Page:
But the hangings are interesting for another reason: till now, we thought the Congress would focus on the aam aadmi and wooing the minorities, while the BJP would focus on terror and development.
We now will have a BJP candidate talking about development and not terror, and the Congress talking anti-terror and not development.2014 promises to be an interesting challenge. Both the BJP and the Congress have shifted to the other’s territory.
“It pains me at knowing that some people are floating my name (as the prime ministerial candidate)…Whosoever is floating my name for the prime ministerial candidate is not my well wisher),” he told reporters at a sidelines of a function here.
“I don’t want to say anything on the prime ministerial issue),” the chief minister said and sought a full stop to speculation doing the rounds about his prime ministerial ambition and his case being buttressed by some senior JD(U) leaders as a more suitable prime ministerial candidate in the NDA than Gujarat Chief Minister Narendra Modi.
anchal wrote:Going by my assessment of situation in UP, talking across the aam junta, BJP should get 30+ seats in Lok Sabha elections IFF Modi is the PM candidate from the BJP
ramana wrote:Ok. I just dont want people to get too carried away and expect miracles.
To me it looks like polls in 2013 only.
Every Cong man who's called/SMS'd post Afzal hanging has spoken of early polls. Sept-Oct. Saying PC will follow next with Big Bang budget.
Muppalla wrote:Even to have a good chance INC need solve AP before polls. Otherwise this is all psy-ops.
anmol wrote:@Muppalla and munna Ji ,
Do you think recent events have something to do with SC's order to EC to incorporate paper trail in next pilot state polls.
I am afraid that they are rushing for polls before paper trail becomes mandatory all over india.
ramana wrote:Muppalla wrote:Even to have a good chance INC need solve AP before polls. Otherwise this is all psy-ops.
A political tsunami is building up in North India and NC might not have time for solving AP at leisure. When the home is being burnt might not worry about the outhouse.
Pranab Mukherjee took over as President in July 2012, the beneficiary of a twist in the political tale in the Delhi durbar although it appeared that Sonia Gandhi was rather more keen to put up Hamid Ansari as the UPA candidate. Barely a month later, in August 2012, Shinde took over as Home Minister – as part of a larger Cabinet reshuffle that saw Chidambaram take over as Finance Minister.
Shinde said on Saturday that soon thereafter, President Mukherjee returned all pending mercy petitions for reconsideration to the Home Ministry. The file on Afzal Guru’s mercey petition, in particular, was sent back in November 2012 for the Home Ministry to apply its mind again.
Shinde then added that he “examined the file carefully and recommended to the President on January 21 for rejection of Afzal Guru’s petition.”
The President acted on that recommendation – and rejected Guru’s mercy petition on February 3, and Shinde then formally gave approval for Guru’s execution – and set February 9 as the date for it to be carried out.
Read this chronology with Shinde’s comment at the Congress chintan shivir – that the RSS and the BJP were organising terror camps to spawn “Hindu terror” – and one thing stands out. Shinde made that speech on January 20, just the day before he recommended to the President that Guru’s mercy petition be dismissed. Assuming that due application of mind would have preceded the formal recommendation to the President for rejection of the mercy petition, this suggests that Shinde knew at the time that he made his controversial speech that he would be writing to the President and, in a sense, setting a date for Guru’s death.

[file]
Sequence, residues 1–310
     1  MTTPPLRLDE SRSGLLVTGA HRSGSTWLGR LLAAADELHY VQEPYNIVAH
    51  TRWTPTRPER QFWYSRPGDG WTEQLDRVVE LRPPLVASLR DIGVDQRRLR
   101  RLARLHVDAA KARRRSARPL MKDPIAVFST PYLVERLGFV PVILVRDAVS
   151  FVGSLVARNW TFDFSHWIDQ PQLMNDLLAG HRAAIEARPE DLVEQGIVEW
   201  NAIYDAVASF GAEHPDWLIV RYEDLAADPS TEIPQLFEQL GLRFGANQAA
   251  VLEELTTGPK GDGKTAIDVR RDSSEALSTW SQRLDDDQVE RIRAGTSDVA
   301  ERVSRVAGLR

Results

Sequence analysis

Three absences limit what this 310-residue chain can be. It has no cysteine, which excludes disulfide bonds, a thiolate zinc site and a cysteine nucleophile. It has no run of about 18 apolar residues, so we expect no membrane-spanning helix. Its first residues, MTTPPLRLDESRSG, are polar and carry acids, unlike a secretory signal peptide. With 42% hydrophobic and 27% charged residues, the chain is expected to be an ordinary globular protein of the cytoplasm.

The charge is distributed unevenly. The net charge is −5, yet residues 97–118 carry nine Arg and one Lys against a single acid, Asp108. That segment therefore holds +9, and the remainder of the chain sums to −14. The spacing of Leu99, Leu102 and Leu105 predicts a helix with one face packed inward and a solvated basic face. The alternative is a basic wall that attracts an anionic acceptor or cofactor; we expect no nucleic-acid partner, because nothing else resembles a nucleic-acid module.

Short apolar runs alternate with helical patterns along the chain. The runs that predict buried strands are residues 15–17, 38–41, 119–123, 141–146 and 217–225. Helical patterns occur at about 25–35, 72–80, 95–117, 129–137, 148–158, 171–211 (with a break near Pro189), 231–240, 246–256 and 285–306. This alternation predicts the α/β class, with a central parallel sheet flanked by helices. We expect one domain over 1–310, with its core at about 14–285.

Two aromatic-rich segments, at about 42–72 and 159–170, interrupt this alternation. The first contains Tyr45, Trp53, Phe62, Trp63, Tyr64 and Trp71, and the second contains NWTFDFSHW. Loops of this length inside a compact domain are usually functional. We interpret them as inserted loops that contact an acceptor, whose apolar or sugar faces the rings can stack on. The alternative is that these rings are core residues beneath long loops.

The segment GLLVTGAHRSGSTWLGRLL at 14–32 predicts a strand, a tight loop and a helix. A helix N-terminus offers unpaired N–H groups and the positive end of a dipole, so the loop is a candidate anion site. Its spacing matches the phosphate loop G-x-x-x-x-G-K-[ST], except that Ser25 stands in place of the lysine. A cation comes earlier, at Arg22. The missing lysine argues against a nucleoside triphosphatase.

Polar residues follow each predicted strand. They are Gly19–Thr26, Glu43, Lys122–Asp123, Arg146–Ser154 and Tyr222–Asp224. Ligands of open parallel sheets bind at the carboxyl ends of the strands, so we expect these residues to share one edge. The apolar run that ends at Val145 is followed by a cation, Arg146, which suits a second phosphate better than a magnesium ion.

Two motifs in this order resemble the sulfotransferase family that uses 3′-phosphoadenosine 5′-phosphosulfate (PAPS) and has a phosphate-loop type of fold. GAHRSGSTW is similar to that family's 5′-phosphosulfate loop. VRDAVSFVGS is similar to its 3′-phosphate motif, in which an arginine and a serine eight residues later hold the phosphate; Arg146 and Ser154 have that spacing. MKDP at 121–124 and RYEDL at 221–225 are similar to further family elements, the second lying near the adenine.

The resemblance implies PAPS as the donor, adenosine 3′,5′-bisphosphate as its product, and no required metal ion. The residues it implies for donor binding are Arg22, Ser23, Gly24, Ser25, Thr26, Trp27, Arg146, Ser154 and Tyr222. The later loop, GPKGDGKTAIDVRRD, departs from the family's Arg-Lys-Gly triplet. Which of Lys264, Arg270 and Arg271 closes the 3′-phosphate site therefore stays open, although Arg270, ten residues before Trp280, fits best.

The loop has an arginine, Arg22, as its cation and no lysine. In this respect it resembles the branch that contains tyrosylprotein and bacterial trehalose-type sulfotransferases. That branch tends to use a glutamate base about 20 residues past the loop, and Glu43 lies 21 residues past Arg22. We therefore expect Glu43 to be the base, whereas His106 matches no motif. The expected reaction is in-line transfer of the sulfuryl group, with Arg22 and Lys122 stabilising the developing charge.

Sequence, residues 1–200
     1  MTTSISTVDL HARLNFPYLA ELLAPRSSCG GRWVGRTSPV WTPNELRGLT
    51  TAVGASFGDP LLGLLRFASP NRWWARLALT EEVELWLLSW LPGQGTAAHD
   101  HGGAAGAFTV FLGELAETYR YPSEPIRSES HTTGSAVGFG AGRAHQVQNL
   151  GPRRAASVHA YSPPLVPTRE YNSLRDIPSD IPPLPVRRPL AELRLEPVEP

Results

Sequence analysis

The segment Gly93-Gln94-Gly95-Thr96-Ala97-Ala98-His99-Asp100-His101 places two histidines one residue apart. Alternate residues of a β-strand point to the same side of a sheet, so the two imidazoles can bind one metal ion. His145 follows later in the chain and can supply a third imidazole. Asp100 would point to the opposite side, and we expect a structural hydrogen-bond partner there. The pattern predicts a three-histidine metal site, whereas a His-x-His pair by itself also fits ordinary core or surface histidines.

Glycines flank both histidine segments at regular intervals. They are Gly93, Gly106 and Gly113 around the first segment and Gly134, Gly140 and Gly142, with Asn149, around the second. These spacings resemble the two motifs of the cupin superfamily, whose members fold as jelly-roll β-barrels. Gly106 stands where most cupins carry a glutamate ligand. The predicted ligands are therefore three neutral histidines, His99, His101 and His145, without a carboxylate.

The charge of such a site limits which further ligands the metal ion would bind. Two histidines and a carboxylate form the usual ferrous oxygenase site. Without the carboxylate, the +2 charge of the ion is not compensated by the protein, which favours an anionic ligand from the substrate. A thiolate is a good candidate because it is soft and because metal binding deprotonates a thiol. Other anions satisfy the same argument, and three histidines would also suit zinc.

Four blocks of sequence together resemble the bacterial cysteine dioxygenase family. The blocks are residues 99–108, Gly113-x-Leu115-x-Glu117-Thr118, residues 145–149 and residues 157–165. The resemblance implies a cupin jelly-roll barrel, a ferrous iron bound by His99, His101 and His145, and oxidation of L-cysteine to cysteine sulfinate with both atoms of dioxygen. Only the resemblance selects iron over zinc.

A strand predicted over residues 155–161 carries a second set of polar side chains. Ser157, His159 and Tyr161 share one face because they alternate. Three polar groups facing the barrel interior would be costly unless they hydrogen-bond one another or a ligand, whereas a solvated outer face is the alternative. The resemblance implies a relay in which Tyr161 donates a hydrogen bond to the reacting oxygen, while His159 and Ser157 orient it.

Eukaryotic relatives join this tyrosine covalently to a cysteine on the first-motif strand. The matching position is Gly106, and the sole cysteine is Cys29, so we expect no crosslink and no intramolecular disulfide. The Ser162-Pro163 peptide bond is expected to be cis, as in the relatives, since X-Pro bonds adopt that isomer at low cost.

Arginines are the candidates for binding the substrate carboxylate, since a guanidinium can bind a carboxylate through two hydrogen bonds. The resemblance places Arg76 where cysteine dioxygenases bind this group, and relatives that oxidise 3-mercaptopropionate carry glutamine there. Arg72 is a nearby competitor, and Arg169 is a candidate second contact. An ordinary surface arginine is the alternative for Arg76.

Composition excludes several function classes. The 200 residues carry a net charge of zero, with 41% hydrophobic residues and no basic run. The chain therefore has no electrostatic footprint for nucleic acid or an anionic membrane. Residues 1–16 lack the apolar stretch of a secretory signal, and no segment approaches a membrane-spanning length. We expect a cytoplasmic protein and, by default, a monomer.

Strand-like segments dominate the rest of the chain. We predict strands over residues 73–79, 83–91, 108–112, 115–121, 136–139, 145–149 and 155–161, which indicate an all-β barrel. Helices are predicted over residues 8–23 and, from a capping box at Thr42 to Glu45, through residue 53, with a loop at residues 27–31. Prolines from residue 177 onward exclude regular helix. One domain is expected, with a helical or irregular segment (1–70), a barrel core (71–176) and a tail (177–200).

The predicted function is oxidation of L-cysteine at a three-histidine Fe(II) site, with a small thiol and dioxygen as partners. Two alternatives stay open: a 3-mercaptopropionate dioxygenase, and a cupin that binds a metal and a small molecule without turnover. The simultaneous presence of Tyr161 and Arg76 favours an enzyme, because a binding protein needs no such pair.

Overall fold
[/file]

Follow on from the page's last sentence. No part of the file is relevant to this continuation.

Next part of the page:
Shinde’s comments must therefore be seen not as a slip of the tongue but as a deliberate ploy intended to act as a political countervailing force to balance the action that he knew was imminent – the execution of Guru – and the perception among the UPA that it would inflame Muslim passions, particularly in Kashmir. It is indicative of the cynical lengths to which this government will go in order to put a ‘secular’ spin on what ought to have been a clinical assessment of the merits (or lack thereof) of a mercy petition on behalf of the convicted mastermind of one of India’s most outrageous terrorist plots - an attack on Parliament.
Jairam Ramesh Uvacha
He lamented that intellectual opinion was mono-culturistic in Kerala. “A multiplicity of views is not encouraged. You cannot keep your doors closed to technology and innovation. A growing influence of fundamentalism has been destroying Kerala’s assimilative ethos. Kerala is not able to compete with other States in attracting investment. Productive sectors of Kerala economy betray stagnation,” he added. He said Kerala should convert some of its NRI remittances into investment.
By a curious paradox, Kerala had the highest unemployment and suicide rates. “The State depends hugely on NRI remittances. There is undue dependence on federalism. If it is not part of a federal system, Kerala will starve. The State produces only 15 per cent of its rice needs. There is high consumption inequality, partly caused by income inequality resulting from certain patterns of NRI remittances,” he said.
Who in your opinion is the best bet for AP BJP chief ?
ramana wrote:Something is cooking in Kerala
RamaY wrote:He lamented that intellectual opinion was mono-culturistic in Kerala
When newspapers and TV channels flashed images of BJP President Rajnath Singh taking a holy dip at the Maha Kumbh and his presence among Hindu seers at the Allahabad Dharam Sansad, everybody jumped to the conclusion that Hindutva was back on the BJP’s poll agenda.
But Singh says too much is being read into this. In a freewheeling chat with Firstpost, Singh said being at the Kumbh was a matter of personal faith to him and had nothing to do with politics. There is place in it for Hindutva, but Singh’s Hindutva is the same as what the Supreme Court once defined it as – a “way of life”. It could not be an electoral issue for him or his party.
Just good friends? Rajnath Singh says its too early to declare Modi a PM candidate. Reuters